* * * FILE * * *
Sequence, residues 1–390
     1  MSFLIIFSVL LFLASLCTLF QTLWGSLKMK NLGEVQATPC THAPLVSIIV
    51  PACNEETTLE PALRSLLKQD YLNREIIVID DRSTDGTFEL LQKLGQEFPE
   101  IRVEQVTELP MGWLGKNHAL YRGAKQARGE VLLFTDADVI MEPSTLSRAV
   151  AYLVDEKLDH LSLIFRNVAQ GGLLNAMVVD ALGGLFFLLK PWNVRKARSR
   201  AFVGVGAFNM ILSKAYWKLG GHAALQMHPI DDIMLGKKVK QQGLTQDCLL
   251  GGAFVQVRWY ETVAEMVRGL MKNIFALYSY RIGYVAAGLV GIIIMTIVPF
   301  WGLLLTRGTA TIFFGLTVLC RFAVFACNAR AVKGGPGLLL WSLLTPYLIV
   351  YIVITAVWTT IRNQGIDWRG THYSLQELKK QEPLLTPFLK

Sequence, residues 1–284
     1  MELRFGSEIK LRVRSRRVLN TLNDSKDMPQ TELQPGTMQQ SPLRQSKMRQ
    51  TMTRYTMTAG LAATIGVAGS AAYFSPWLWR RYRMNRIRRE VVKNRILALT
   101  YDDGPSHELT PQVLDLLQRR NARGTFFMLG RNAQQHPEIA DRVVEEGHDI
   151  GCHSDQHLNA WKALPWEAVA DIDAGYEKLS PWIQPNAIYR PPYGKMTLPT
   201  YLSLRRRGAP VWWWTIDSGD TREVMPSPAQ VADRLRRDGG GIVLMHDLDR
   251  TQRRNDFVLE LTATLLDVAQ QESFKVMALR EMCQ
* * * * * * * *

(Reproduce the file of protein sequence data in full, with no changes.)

Sequence, residues 1–390
     1  MSFLIIFSVL LFLASLCTLF QTLWGSLKMK NLGEVQATPC THAPLVSIIV
    51  PACNEETTLE PALRSLLKQD YLNREIIVID DRSTDGTFEL LQKLGQEFPE
   101  IRVEQVTELP MGWLGKNHAL YRGAKQARGE VLLFTDADVI MEPSTLSRAV
   151  AYLVDEKLDH LSLIFRNVAQ GGLLNAMVVD ALGGLFFLLK PWNVRKARSR
   201  AFVGVGAFNM ILSKAYWKLG GHAALQMHPI DDIMLGKKVK QQGLTQDCLL
   251  GGAFVQVRWY ETVAEMVRGL MKNIFALYSY RIGYVAAGLV GIIIMTIVPF
   301  WGLLLTRGTA TIFFGLTVLC RFAVFACNAR AVKGGPGLLL WSLLTPYLIV
   351  YIVITAVWTT IRNQGIDWRG THYSLQELKK QEPLLTPFLK

Sequence, residues 1–284
     1  MELRFGSEIK LRVRSRRVLN TLNDSKDMPQ TELQPGTMQQ SPLRQSKMRQ
    51  TMTRYTMTAG LAATIGVAGS AAYFSPWLWR RYRMNRIRRE VVKNRILALT
   101  YDDGPSHELT PQVLDLLQRR NARGTFFMLG RNAQQHPEIA DRVVEEGHDI
   151  GCHSDQHLNA WKALPWEAVA DIDAGYEKLS PWIQPNAIYR PPYGKMTLPT
   201  YLSLRRRGAP VWWWTIDSGD TREVMPSPAQ VADRLRRDGG GIVLMHDLDR
   251  TQRRNDFVLE LTATLLDVAQ QESFKVMALR EMCQ